I love all genres of books. However, when I listen to audio books as I clean, garden, drive they are better with a lot of heat!
Under The Banner Of Heaven is a controversial book highlighting the history or Mormonism and the actions of several Fundamental Mormon extremists. Because of the controversial topics this book covers I do think it is important to read. However the dry and frankly boring style the author wrote it in made it difficult to finish or for me to care about reading the book. Krauker starts the book with a murder and uses the rest of it to write about how the Mormon religion promoted this violent act of faith. He does this by jumping around in time constantly, throwing random fact at you that won't be important until much later in the book. Some could compare his writing style to that of a news article. Which is good for short news stories but not for lengthly books.
I enjoyed learning about the Mormon faith, before I read this book I knew very little of Mormonism and I knew nothing of fundamental Mormonism. After reading I now know that there is huge difference between the two. Fundamental Mormons are more of a cult, practicing polygamy and abusing women. While Mormons are normal people who follow their own religion without breaking any basic human right laws. I would recommend this book if you really want to learn about Mormons, how they came to be and what they are doing today. However I would not recommend this book if you are interested in a even remotely interesting story. I would give this book three out of five stars.
Scott Brick overly dramtic voice was too much for me. I won't listen to any other books narrated by him.
I love John Krakauer. I got much more than anticipated in this book. It was a true crime thriller interwoven with Mormon culture and history. I loved it and would listen to it again.
While I am a big fan of Krakauer's earlier works, Under the Banner of Heaven leaves a lot to be desired. I don't think that his weaving of two genres ("true crime" and history)works well here. Taken separately, a history of the Church of LDS and its offshoots, and the true crime story are both very interesting, but the constant weaving back and forth makes it just confusing, at least in audio format.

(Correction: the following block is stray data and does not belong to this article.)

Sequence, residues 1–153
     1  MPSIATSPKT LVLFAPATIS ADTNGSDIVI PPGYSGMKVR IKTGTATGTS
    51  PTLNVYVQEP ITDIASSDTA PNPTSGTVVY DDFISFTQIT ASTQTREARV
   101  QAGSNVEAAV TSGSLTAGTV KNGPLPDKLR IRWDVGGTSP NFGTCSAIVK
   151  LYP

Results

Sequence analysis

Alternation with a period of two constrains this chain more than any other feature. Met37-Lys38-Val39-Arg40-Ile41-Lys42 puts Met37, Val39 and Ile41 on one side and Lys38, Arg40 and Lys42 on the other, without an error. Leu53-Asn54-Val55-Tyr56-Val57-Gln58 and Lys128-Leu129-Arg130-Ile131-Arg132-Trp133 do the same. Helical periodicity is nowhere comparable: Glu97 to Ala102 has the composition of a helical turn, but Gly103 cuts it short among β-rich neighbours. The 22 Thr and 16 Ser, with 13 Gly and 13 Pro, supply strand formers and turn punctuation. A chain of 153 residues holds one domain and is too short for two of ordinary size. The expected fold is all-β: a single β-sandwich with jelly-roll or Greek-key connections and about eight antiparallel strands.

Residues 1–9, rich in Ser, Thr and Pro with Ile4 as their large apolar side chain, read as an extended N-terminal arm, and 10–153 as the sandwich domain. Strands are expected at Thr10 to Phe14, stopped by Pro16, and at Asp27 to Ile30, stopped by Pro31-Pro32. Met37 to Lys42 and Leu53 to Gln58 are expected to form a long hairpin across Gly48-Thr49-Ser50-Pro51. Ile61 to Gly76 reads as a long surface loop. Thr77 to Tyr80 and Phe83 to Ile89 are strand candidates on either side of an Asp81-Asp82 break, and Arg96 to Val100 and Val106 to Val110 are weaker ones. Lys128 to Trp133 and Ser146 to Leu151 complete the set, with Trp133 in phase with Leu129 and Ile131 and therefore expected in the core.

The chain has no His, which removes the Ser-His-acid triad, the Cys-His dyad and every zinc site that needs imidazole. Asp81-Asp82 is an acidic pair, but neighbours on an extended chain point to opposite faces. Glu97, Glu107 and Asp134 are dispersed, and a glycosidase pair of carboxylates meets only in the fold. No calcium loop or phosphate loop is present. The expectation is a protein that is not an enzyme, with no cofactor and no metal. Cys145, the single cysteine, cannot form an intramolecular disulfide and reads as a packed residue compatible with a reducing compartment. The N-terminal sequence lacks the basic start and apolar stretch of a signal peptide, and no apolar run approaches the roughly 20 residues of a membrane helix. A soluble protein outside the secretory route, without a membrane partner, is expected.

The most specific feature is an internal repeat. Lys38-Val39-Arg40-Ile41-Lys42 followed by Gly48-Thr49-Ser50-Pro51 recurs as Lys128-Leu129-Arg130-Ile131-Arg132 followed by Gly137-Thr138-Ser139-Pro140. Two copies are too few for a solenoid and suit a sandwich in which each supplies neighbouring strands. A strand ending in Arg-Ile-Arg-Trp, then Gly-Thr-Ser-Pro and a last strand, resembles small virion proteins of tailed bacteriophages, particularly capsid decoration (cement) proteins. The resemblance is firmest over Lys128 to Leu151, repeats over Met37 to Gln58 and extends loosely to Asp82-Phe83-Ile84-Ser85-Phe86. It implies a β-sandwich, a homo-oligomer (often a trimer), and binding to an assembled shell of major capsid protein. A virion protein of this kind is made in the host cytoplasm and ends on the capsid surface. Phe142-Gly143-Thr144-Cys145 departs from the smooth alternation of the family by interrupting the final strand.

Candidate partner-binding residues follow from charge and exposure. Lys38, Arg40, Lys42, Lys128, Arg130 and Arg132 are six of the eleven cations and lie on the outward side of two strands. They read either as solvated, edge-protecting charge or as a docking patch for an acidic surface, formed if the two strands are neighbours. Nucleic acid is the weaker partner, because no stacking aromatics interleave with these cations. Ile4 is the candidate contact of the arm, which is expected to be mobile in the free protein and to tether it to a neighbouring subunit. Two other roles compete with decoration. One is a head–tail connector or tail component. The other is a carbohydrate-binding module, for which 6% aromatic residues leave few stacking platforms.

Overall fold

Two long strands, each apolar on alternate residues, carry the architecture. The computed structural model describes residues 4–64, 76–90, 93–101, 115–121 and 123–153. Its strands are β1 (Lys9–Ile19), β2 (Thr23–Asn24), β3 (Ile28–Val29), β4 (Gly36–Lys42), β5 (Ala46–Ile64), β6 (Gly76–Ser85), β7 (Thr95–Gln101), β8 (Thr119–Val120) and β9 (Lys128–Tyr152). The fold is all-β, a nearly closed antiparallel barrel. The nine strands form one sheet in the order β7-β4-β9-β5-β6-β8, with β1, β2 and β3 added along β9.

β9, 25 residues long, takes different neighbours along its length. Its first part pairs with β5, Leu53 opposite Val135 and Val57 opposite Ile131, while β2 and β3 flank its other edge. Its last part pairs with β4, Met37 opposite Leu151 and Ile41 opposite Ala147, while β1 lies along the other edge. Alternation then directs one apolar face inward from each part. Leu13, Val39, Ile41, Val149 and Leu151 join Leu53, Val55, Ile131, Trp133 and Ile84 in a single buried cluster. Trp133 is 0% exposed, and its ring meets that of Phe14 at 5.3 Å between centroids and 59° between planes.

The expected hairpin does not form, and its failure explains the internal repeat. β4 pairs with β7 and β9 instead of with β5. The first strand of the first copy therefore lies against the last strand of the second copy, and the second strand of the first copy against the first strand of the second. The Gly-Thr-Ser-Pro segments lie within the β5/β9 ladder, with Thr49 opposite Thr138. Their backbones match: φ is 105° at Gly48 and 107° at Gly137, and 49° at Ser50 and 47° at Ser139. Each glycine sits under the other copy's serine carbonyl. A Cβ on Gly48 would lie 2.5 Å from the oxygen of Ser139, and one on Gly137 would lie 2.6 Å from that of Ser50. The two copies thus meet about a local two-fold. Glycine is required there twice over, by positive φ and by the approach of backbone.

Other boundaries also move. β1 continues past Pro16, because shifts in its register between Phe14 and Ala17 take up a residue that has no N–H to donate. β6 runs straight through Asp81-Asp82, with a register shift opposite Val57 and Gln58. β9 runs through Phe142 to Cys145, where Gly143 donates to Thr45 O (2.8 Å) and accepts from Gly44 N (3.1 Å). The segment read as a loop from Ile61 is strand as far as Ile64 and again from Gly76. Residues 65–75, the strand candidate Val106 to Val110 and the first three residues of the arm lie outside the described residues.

There were many times that I got lost in the narrative, particularly in the parts about about other Mormon fundamenalists (who have no relevance to the story of the Lafferty brothers). And there were other parts of the Lafferty story that he didn't explore at all -- for example, what happened to Allen after the murders? How did he react, does he still speak with his brothers, etc., etc.? There is much about Ron's ongoing trials, but very little about Dan's trial. I couldn't for the life of me remember why Dan did not get the death penalty, until after I was done listening, I went online and found an excerpt of the book's prologue, where it mentions one or two lines about Dan's trial.
The narration was fine, and the content had the potential to make an excellent book, but sadly this one falls short.
I have listened to a lot of audio books and this is one of the very best -- fascinating start to finish.
The story of the grisly muders is very well told without being macabre and totally holds your interest.
Woven through this is the intriguing history of the Morman Church and details of some of the bizarre sects that have spun off it. The book gives an in depth insight to what is becoming one of the world's major religions.
I thoroughly enjoyed this audiobook.
Regardless of your politics or your religious persuasion, carefully listening to this book can't help but make a thoughtful, introspective person question their beliefs. Being raised strictly Catholic, now a confirmed athiest, and a registered Republican who doesn't much care for George W. Bush, I found it informative and provacatory. I could see how this book could be downright blasmephous for some people, and not indignant enough for others. The author does a great job of illuminating a subculture that isn't easy to penetrate, and expanding on its ideas as they apply to all organized relgions around the world. It makes some moral value judgements, but one has to if their work is to have any impact. I think the world would be a better place right now if more people read (and most importantly, thought about) the author's theses.